Demand for Diamonds Continues

Research finds two in five consumers choose diamond jewelry as the gift they most desire to give or receive.

Consumers are adapting to the new normal, demand for diamonds continues, and diamonds retain broad appeal across consumer segments. Those are the three key findings the De Beers Group revealed in its 2020 Diamond Insight report. Released in November, it collates key findings from the company’s consumer research undertaken after COVID-19 emerged.

Research finds two in five consumers (38%)choose diamond jewelry as the gift they most desire to give or receive. Since travel, which has long been the main competitor to diamonds as a means of creating memories, has been so restricted, the market for diamonds has benefited.

In the current climate, customers who do have money to spend are mindful of how they spend it, considering showy excess inappropriate. As in other periods of crisis, De Beers’ research showed that many people are gravitating to what they know and trust, making timeless classics like solitaires attractive through their association with strength and security.

Since consumers increasingly seek designs with a personal touch, classic-with-a-twist styles have been popular. While younger consumers continue to show more interest in innovative designs, the report finds.

“We’re thrilled people are buying diamonds,” shares Russell Weisenberg, vice president of sales for Aneri Jewels in New York City, acknowledging that lack of travel and not buying other things like apparel or electronics, have given people more disposable income and jewelry is such a great gift to give and receive.

“Our customers sell to middle America, and we’re seeing an uptick in new jewelry sales,” says Weisenberg, who notes that consumers are buying better quality diamonds in engagement rings. He concurs that wardrobe staples are driving most of the diamond fashion jewelry business, with good design key.

Tried & True
 Valerie Fletcher, vice president of design and product development for Original Design Inc. (ODI) says that in classic jewelry, the trends she is seeing are for bigger diamonds, graduated diamond styles, and diamond intensive designs that are more freeform and show less metal.

ODI has had a lot of requests for larger, diamond-intensive hoops and vertical/drop earrings, with round, pear or marquise diamonds; all diamond with very little gold showing,” Fletcher shares. “This is interesting because pre-Covid, we were doing really well with mini studs that would be stacked up the ear. So this is a complete reversal.”

Fletcher also notes that in neckwear, dangling pendants are always popular, but ODI also sees greater interest in chevron and smile style necklaces. “In bands, it’s the same story, very diamond intensive and no metal showing or straight edges. Fancies mixed with rounds, or large and small rounds in garland looks, giving that lacy edge are trending. And, enhancers are still our No. 1 band category. Again, with the graduated or lacy looks doing well.”

In its latest trends report, the De Beers Group forecasts popular designs in 2021 will reinforce nature — motifs referencing flora, fauna and natural phenomena (rainbows, the elements), and in aesthetics that are organic and freeform in style. The report also describes a reframing of preciousness, as more designers are including “less orthodox materials” with diamonds and precious metals like wood, fossilized ivory, leather, and mother of pearl.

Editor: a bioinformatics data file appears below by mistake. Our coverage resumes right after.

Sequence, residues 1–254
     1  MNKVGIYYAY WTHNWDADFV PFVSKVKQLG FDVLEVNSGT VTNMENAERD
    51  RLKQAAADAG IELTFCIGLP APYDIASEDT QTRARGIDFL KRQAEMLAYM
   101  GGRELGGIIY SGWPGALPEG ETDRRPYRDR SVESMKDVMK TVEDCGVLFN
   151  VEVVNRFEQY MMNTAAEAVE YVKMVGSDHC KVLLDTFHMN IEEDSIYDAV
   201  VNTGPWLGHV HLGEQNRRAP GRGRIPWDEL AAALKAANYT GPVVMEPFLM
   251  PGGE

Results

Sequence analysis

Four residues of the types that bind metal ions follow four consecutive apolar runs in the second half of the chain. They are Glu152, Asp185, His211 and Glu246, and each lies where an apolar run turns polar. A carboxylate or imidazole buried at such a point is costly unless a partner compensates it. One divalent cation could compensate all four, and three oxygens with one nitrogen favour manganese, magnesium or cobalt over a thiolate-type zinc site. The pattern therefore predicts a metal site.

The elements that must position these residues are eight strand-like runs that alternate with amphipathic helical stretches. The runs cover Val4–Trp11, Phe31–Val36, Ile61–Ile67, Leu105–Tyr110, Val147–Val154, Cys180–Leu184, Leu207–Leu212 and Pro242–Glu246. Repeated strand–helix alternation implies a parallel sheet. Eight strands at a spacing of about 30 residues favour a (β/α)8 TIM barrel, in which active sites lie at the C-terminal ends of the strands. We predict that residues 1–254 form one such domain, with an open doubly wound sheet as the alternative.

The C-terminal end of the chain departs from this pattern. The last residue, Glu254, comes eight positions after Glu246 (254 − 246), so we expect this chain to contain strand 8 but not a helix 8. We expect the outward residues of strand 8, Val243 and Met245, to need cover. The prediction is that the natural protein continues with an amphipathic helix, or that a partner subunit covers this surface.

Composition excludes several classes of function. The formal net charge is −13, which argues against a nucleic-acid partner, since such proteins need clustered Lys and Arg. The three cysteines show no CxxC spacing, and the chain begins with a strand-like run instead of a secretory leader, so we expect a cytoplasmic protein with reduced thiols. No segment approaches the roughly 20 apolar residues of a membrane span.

Heartstrings
Jewelry that uplifts the spirit is undoubtedly in demand. While there has always been a soft spot for heart jewelry, Namie sees a huge surge for different heart designs in 2020, shares Theresa Namie, merchandising manager for Ostbye, Minneapolis, Minnesota. “We’ve developed a few new styles, reaching those that want to gift and be gifted with jewelry that says ‘I Love You’, like our Diamond Marriage Symbol. This is so important for many who are healing emotionally and physically from 2020.”

Namie also expects trends to continue for jewelry mixing the sparkle of diamonds with gemstones reflecting bright colors popular in 2020 and at fashion week for 2021, especially in floral designs, geometric patterns and link chain styles.

Roopam Jain, president of the branded division for Jewelmark in New York City, which brings to market several licensed brand collections, says that it has had tremendous success with its Hallmark Diamonds brand set in sterling silver and 10K rose gold, focused on family, faith and inspiration.

Jain also says the force is with its latest Star Wars Fine Jewelry brand with Lucas Films, launched for the holidays to great success. Subtle nods to iconic characters and emblems are crafted in 10K yellow and rose gold, sterling silver, diamonds, and gems like sapphire, morganite, garnet, jade, and tiger’s eye.

“We created this collection for everyone who has been inspired by the powerful storytelling of Star Wars,” says Jain. “Designs celebrates themes like friendship, loyalty, hope and balance that are infused in the storylines.” He says that even someone who is not a diehard fan would be inspired by designs like “Into the Galaxy” that represents the delicate balance between light and dark in black and white diamonds in tri-tiered band ring. Or, “Celestial Love”, a rose gold and diamond laurel wreath hoop earrings symbolizing hope.

Symbolic, sentimental and personalized jewelry continues to lead the trends, reports the Natural Diamond Council in its latest diamond jewelry report. Amulets, good luck charms, spiritual icons, and words of love and affirmation sprinkled in diamonds remain key keepsakes for people to connect, celebrate and express love. Popular motifs highlighted in the report include the heart, evil eye, religious symbols, zodiac signs, and celestial beings. Lockets, charms and signet rings are among the favorite styles conveying these messages.

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